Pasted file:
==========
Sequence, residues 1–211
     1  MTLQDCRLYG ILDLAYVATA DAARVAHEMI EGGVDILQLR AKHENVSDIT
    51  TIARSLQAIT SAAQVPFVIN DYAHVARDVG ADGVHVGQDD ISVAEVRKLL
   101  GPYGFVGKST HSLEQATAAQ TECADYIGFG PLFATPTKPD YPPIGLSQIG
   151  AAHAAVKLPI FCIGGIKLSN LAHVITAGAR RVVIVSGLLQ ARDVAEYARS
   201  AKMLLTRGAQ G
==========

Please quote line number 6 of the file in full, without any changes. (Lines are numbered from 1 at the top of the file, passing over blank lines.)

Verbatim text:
   201  AKMLLTRGAQ G